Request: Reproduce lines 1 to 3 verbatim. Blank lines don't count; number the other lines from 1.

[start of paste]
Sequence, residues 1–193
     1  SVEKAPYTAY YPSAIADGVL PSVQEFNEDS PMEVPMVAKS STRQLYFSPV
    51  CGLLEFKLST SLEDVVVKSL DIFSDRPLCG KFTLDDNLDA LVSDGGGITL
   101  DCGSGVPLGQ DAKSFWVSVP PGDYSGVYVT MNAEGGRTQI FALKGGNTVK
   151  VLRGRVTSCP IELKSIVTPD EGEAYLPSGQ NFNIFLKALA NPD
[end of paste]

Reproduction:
Sequence, residues 1–193
     1  SVEKAPYTAY YPSAIADGVL PSVQEFNEDS PMEVPMVAKS STRQLYFSPV
    51  CGLLEFKLST SLEDVVVKSL DIFSDRPLCG KFTLDDNLDA LVSDGGGITL